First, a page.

The Cerulean Warbler exhibited the greatest decline in abundance for any species of North American wood-warbler for the period 1966-2000. However, it is thought to be expanding its range in the northeastern United States and in southern Ontario and Quebec. It is unclear if the apparent increase in Canadian Cerulean Warbler populations over the last 50 years represents a true range expansion into new areas, a re-colonization event, or an artifact of the increase in public and scientific interest.

The Canadian population is estimated to be 500 - 1000 breeding pairs. Unfortunately, given the patchiness of its habitat and the difficulties associated with surveying this species, it is difficult to predict where the high end of a population estimate would fall. Current best estimates of the size of the North American population range between 85 000 - 287 000 pairs.


Limiting Factors and Threats

The three dominant limiting factors for this species are: habitat destruction on breeding, migration, and wintering grounds; fragmentation of existing habitats; and environmental degradation (e.g. acid rain).


Special Significance of the Species

The Cerulean Warbler has generated considerable public, scientific, and conservation interest. The positive regard in which this species is held has led to an intense public interest in its conservation. While it does not appear to fulfill any critical ecological role, it has become a symbol of the health of mature deciduous forests in eastern North America. In Ontario, management of forested habitats for Cerulean Warblers will likely have a positive effect on other forest-interior species of interest.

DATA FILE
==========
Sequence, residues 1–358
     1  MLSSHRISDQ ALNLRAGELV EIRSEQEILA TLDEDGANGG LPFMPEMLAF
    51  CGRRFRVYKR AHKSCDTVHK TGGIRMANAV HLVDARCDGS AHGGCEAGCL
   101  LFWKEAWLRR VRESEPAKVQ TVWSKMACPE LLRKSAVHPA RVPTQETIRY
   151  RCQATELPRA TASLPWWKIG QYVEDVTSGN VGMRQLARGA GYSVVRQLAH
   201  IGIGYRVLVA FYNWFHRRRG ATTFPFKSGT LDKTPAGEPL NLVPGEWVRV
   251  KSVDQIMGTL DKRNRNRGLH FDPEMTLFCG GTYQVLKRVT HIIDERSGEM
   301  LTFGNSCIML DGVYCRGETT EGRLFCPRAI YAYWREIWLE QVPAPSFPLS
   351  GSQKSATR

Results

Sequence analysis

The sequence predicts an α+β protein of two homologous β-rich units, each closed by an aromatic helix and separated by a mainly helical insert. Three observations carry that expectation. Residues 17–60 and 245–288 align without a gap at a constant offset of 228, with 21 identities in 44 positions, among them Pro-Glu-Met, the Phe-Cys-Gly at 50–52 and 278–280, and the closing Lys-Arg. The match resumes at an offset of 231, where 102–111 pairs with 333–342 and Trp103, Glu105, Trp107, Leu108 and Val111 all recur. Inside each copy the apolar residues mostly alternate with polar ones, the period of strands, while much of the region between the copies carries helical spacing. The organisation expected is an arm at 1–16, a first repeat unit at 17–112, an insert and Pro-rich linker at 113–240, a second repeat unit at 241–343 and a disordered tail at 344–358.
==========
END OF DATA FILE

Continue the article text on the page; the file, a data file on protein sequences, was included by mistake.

Existing Protection or Other Status Designations

The Cerulean Warbler is not federally listed in the United States and is considered a Species of Special Concern in Canada by COSEWIC. The Migratory Bird Treaty Act of 1918 provides protection against direct take. NatureServe gives it a global rank of G4 (common).


Summary of Status Report

Since the publication of the first status report for the Cerulean Warbler in Canada, the Canadian population appears to have remained stable or possibly to have decreased, both in terms of population size and distribution.  Given what is known about Cerulean Warbler habitat requirements, the dominant limiting factors for this species will always be limiting, regardless of population size. However, the largest potential threat to the long-term health of this species is that its basic biology remains poorly documented and understood which has direct impact on our ability to manage and sustain its populations, most notably in the areas of mating and social systems, landscape-scale habitat selection, and migration stopover ecology.